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Old 03-09-2001, 09:29 PM   #31
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Excellent work Layman. At the minimum, the reasonable skeptic should be able to accept the NT as AN evidence for the life and teachings of Jesus. The one community which possessed the greatest need for skepticism, the church, has accepted these eyewitness testimonies from the beginning. Not to mention that the documents themselves make the claim clearly enough. My personal favorite is this bit from John, eyewitness to the resurrection of Jesus from the dead:

"That which was from the beginning, which we have heard, which we have seen with our eyes, which we have looked at and our hands have touched- this we proclaim concerning the Word of life. The life appeared; we have seen it and testify to it, and we proclaim to you the eternal life, which was with the Father and has appeared to us. We proclaim to you what we have seen and heard, so that you also may have fellowship with us. And our fellowship is with the Father and with his Son, Jesus Christ." 1John1:1-3
 
Old 03-10-2001, 07:29 AM   #32
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[QUOTE]Originally posted by Teutonic:
Polycarp, I have tons more ideas and questions! What is your faith background?

I'll start with this last question you asked, as it might help make better sense of my answers. I grew up in a relatively conservative Pentecostal Christian home. Pentecostals are those people who speak in tongues; don't drink, dance, or smoke, etc. About the time I was a teenager I started having all these questions about Christianity. However, when I asked these questions the usual answer was, “You just need to have faith”. That seemed like a lame answer to me. By the time I was in high school, I had pretty much decided Christianity was bogus.

So, I started searching for the truth on my own. I read arguments for atheism, Islam, Hinduism, Buddhism, etc. I spent a few years not really knowing what I believed. It was only after I did this that I ran across some books and met some people who actually had answers to those questions about Christianity that I’d been asking as a teen-ager. After doing a lot of reading and questioning, I concluded that Christianity was true. It wasn’t the same Christianity (based entirely on experience) I’d known as a kid. Instead, it was something that I actually believed was TRUE. It wasn’t a feeling or something. It was real…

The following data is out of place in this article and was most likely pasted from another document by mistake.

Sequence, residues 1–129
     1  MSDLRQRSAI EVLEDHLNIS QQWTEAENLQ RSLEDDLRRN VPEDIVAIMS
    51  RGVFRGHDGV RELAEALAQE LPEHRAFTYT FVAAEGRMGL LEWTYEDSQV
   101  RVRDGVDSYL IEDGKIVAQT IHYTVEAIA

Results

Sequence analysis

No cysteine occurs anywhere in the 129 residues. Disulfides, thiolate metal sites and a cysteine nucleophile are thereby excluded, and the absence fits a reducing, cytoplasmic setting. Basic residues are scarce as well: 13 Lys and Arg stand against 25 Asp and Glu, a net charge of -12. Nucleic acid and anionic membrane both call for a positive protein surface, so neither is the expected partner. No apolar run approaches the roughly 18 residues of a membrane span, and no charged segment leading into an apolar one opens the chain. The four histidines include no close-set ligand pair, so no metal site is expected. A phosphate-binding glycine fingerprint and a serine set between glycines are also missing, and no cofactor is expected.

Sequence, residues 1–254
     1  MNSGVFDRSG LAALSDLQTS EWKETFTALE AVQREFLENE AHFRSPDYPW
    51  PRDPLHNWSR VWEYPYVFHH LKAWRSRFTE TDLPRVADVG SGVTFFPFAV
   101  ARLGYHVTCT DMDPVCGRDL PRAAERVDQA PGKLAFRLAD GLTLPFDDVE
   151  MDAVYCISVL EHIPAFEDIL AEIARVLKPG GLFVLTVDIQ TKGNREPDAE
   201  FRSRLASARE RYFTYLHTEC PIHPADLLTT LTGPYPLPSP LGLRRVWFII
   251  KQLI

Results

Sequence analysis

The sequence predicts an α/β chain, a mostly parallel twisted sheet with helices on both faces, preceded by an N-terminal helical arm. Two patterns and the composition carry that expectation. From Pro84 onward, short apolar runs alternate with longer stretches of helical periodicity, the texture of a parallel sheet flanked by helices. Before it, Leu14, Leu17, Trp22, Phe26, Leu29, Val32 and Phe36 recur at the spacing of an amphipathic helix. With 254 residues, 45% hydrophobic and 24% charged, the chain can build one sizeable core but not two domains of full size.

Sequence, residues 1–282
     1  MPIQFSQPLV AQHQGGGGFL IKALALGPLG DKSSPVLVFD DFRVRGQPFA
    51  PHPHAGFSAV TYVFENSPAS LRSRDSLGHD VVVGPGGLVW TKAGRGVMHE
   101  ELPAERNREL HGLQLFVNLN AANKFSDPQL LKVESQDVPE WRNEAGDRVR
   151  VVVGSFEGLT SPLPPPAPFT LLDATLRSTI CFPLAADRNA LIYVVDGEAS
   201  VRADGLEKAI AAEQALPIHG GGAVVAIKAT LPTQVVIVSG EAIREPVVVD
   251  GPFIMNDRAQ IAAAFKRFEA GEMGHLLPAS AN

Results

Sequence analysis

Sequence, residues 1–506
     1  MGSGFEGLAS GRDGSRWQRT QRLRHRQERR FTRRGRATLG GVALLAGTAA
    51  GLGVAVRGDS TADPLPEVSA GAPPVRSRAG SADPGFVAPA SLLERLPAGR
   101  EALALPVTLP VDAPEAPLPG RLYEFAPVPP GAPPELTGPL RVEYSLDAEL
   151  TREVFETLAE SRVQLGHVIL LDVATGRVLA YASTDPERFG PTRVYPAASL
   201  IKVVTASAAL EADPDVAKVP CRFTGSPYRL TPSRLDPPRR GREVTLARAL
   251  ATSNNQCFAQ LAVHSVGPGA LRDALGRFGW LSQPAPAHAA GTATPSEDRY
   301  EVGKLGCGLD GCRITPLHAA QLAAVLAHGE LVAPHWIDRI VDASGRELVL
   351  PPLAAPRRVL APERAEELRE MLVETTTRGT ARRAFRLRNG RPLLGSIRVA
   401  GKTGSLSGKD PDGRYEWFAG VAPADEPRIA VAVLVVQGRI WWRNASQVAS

Thanks for your answers to my tough questions. But, it doesn't seem right for God to have information included in the Bible that is either just wrong, or is wrong because of someone's misunderstanding. How can we, 100 years or 2000 years later know? Know what to believe? If this is an element of salvation, it should be more certain, don't you think?

Yeah, I agree with you here. But let me add something. I don't think salvation is based on some sort of theology exam. In other words, when we die I don't think god gives us this piece of paper with 50 questions on it and we have to answer 35 of them correctly in order to get into heaven. God judges people on their hearts and intentions. If someone is HONESTLY looking for god, and not just trying to find something that makes them feel good, then I think god respects that.

Does this mean that god let's us believe anything we want ? No, I don't think so. Certain things are essential to salvation. We have to recognize that we screwed things up and that we're sorry for doing so. We also need to recognize that god gave us a messenger in Jesus. God saw that humans were in pretty rough shape, so he sent us a human just like us to give us an example of how we SHOULD live. Its learning by example.

The example that Jesus gave us is that we are in this world to serve god. We serve him by serving others. Jesus basically said, "You guys are doing this all wrong. You need to recognize that you're doing it wrong and admit it. Now, here's how it should be done." He becomes friends with the social outcasts. He serves others - the orphans, widows, and poor. He always puts others before himself.

In effect, the basic message of Jesus was like this: He said, "Your priorities are wrong. Right now your priorities are:

1. Self
2. God
3. Others (or maybe 2 & 3 reversed)

But they SHOULD be like this:

1. God
2. Others
3. Self

He didn't just tell us what to do. He SHOWED us. The only things I see as being essential to salvation are:
1. Recognizing the error of our ways and wanting to change.
2. Recognizing Jesus as an authority to speak for god, and as an example for how to live our lives in the way god desires us to live.

See, I grew up believing that the Bible is literally true.

Yep, I still believe in Creation too... call me a hick, but I just can't believe that everything we see around us just happened over time. Not a scientific reason, but that's what I think. Therefore, there must be a reason we're here, but why would God make us and then fool us and then condemn those who don't quite get it?


I, too, grew up believing the Bible is literally true. I also believe in creation, but I don't think this is one of those essential areas necessary for salvation. It gets back to my theology test example. God isn't going to ask us, "How old is the universe? Did I create it? If so, how did I create it?" God isn't concerned with our exact answers to those questions.

There are so many good reasons for believing that the universe was created by a very powerful being. So many, in fact, that it seems far more likely that it was created than that it sprang from nothing.

I don't think god condemns people for not having all of the exactly correct beliefs. We'll find him when we, "seek him with all our hearts". It doesn't say we'll find him when we set up all of these conditions he'll have to meet; OR that we'll find him when we come across some beliefs that make us feel good. I believe that god reveals himself in some way to those who honestly are trying to find him.

Read Acts 17:16-34. Its a long passage so I won't quote it here. But when you read it, think about these things: